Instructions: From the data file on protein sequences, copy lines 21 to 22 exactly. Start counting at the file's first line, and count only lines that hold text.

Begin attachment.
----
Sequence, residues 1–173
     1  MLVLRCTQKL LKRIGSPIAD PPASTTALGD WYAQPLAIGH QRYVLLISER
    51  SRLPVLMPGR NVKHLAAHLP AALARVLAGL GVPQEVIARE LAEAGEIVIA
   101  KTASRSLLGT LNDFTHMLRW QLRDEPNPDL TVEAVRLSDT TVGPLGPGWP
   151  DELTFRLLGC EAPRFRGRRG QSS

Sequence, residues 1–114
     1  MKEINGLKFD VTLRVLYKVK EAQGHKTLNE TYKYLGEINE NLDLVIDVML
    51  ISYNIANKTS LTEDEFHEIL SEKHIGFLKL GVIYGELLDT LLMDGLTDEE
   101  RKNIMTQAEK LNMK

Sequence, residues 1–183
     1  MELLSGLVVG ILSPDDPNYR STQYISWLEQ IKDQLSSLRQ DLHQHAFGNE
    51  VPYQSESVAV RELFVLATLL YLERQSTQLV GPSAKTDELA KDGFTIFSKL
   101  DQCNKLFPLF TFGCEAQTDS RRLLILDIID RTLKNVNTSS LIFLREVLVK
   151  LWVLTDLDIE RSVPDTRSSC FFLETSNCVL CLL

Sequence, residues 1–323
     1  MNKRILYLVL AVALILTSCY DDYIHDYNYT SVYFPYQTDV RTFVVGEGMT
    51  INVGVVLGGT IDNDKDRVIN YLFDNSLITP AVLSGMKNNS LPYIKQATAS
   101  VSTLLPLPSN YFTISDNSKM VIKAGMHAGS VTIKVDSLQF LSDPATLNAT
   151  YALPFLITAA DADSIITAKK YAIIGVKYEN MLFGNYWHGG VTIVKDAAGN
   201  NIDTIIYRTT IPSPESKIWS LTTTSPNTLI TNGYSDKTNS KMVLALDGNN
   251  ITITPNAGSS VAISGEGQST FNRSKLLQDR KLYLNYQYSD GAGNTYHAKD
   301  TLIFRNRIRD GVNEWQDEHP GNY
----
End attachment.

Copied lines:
   251  ITITPNAGSS VAISGEGQST FNRSKLLQDR KLYLNYQYSD GAGNTYHAKD
   301  TLIFRNRIRD GVNEWQDEHP GNY